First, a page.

The Los Angeles Ballet Throws It Back to 1913 L.A. for Their Production of The Nutcracker

Who even knew they had sugarplums back then?

When we photographed members of Los Angeles Ballet for our November fashion feature, we were able to take an up-close look at how they move offstage. Which (big surprise) can be summed up with one word: spectacularly. Those perfect grand jetés, arabesques, and side splits don’t just happen overnight, of course. Under the watchful eye of company artistic directors Thordal Christensen and Colleen Neary, the dancers have grown and thrived.

Beginning this weekend at the Alex Theatre in Glendale, Los Angeles Ballet is presenting a holiday favorite, The Nutcracker—complete with the snowflakes and menacing mice audiences have come to know and love. The production appears at venues around town through the end of the month; the schedule includes stops at the Valley Performing Arts Center, Royce Hall, and Redondo Beach Performing Arts Center.

Rehearsals began in September for the cast, which consists of the entire company of 35 professional dancers and 20 children from Los Angeles Ballet School. Says Neary, “The most important thing is to tell the story in a realistic way, so the audience can become involved and feel a part of the experience.” We spoke with her and Christensen about embarking on their tenth season and weaving Los Angeles into their Nutcracker program.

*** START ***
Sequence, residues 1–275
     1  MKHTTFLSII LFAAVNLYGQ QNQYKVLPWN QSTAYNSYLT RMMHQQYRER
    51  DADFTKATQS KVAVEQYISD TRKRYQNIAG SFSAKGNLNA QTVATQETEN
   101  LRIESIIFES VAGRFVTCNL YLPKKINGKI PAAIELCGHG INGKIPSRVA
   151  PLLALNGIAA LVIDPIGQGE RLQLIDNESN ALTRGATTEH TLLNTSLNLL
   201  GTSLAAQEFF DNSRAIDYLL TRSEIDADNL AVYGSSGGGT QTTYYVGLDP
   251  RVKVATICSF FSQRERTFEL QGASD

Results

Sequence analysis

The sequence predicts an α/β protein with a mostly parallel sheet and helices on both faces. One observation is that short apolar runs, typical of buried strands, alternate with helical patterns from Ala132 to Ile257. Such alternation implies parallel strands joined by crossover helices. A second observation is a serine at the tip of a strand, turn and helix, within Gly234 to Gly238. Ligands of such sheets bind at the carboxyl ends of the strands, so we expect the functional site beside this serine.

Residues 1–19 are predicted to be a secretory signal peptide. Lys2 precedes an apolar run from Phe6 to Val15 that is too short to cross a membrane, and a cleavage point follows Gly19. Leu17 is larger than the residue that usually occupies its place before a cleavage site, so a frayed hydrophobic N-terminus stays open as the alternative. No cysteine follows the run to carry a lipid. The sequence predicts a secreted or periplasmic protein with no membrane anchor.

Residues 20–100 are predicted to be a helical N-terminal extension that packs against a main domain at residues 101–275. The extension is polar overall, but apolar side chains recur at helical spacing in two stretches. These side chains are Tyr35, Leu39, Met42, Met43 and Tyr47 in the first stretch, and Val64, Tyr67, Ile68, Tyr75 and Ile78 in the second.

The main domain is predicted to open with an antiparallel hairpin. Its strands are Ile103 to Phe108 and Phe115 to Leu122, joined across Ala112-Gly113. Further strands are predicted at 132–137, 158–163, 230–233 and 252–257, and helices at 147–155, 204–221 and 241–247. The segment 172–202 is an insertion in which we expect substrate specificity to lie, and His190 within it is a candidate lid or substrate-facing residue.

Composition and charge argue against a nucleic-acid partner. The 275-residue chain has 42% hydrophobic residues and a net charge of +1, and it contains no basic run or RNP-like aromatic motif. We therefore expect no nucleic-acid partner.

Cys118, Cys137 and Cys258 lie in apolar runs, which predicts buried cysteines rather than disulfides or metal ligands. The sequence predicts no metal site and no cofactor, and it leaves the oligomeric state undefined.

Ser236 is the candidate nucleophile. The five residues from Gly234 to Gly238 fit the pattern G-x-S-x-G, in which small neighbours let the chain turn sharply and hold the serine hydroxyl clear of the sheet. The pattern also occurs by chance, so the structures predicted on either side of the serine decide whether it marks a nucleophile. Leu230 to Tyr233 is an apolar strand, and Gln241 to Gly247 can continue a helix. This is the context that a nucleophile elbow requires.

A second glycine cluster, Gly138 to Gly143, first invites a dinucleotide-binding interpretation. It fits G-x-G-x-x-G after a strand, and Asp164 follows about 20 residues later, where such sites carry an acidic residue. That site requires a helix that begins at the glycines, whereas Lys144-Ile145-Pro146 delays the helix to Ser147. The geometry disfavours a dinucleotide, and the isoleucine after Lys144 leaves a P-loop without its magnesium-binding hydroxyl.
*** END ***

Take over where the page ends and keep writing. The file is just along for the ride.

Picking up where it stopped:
Let’s start off with your tenth season. Congrats! Why did you select “the Great Romantics” as the theme?
Celebrating ten years calls for big, beautiful ballets, and what else can that mean but love, passion, and relationships? On a literal note, Giselle, The Nutcracker, Don Quixote, and Romeo and Juliet are very different stories, but of course share the universal theme of love.

Why did you set your Nutcracker in 1913 Los Angeles?
Mikael Melbye’s costume design for the Act 1 party scene is set at the turn of the century. LAB’s design director, Catherine Kanner, gave us a Spanish-style L.A. home. The snow scene is set in the Sierra Nevada, and Act 2 is set on the coast in a beautiful palazzo. An L.A. Nutcracker through and through!

What does the story say about L.A.?
The sets and costumes clearly set our version in L.A. Beyond that, we’ve kept our story line traditional, honoring the holiday classic.

Any interesting detail you can share?
We have the best mice in the Nutcracker business—big, expressive, and very realistic! Baby Mouse is an L.A. celebrity.

We’ll be on the lookout when the clock strikes midnight!